Making this entry in case I come to find some flat bottles amongst these two batches weeks down the road.
Bit of a bottling frenzy tonight with both Wherry and Honey Porter decanted into purchased 500ml crown caps. The first few from this batch to hit the bottles produced quite a bit of head as a result of the bottling wand, which left some unwanted space in the top of the bottles. Once the heads had settled I filled this using a funnel and a jug, but I wonder if in doing so I’ve also introduced a bit of oxygen. On a few bottles I went nearly to the top, which may have been a bit much in hindsight. Hope they don’t go pop.
This brew of Wherry resulted in a total of 39 bottles; 17 with 2x Fox’s Carbonation Drops (totalled at 500ml) and 22 bottles with 1x Coopers Carbonation Drop, aimed at 375ml because I ran out of Fox’s. I was going to follow instructions and use half a teaspoon of sugar, but that seemed to be roughly equal in mass to one Coopers drop, so in the interest of laziness I used those.
Bottles are being stored at around 23 ℃ for two days until they go into the garage for conditioning on 17 December, should be ready to sample on New Year’s Eve. ABV is around 4.2% against advertised 4.5% so not too far out.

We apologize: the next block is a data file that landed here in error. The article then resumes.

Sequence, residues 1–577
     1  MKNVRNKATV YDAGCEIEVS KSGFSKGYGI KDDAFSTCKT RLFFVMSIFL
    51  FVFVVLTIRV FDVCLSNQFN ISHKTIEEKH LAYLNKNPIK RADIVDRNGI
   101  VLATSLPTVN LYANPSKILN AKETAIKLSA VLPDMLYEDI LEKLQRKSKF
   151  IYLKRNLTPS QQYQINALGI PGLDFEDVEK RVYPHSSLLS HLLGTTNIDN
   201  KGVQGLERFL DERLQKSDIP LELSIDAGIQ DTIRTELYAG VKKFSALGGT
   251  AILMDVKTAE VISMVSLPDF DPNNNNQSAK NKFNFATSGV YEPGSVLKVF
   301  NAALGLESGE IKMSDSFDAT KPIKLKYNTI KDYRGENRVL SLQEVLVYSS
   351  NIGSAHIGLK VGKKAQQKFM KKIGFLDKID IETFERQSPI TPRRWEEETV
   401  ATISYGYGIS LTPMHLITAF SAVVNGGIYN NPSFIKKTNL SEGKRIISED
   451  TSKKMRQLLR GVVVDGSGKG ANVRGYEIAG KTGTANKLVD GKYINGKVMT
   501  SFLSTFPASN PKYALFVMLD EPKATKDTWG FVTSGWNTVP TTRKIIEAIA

Just measured the SG on this since I’m about to bottle the Honey Porter, and I think we’re ready to go with 1.012. Quite a lot of bubbles in the sample tube and on the hydrometer, occasional popping on the airlock as well. Let’s hope that’s not going to be a problem for the bottles. Flavour is great, this might be one to reorder ASAP!
This looks like it’s going to be ready ahead of the Porter! SG checked in at 1.015 just now (3.81% against target of 4.5%) but it took a couple of spins and some blowing to dislodge the bubbles, otherwise Wherry would also be sitting at 1.017. Wonder if surface tension when measuring near the top of the trial tube has anything to do with it?
Regardless, I can’t bottle this until SG is steady at or below 1.014, so I’ll revisit in a couple of days.
Both the Honey Porter and Wherry have been bubbling nicely two days into primary, and I’ve been gradually trying to reduce the temperature since they want to be kept between 18 and 20 ℃, finding that the FVs tend to hit 18.5 when the room temperature is 17 to 18. Bubbling has slowed a little over the past few days, but there’s still enough going on with both that I needn’t worry about bottling the Porter yet tomorrow. Will take a SG reading instead and revisit in another two days.
It’s been 12 hours since Wherry and Honey Porter were committed to FV, and they’re both bubbling away slowly, maybe once every 5 minutes. Both were slightly faster within an hour of the yeast being sprinkled onto the brews 40 minutes after adding the cold water, around 24.8 ℃, and that seems to have slowed up since then. Right now both buckets are still at 22.5 ℃ despite the office being 20 ℃ – not dropping quick enough. I hope the yeast hasn’t been damaged as a result, though if it were that sensitive to temperature that would surely have been mentioned in the instructions?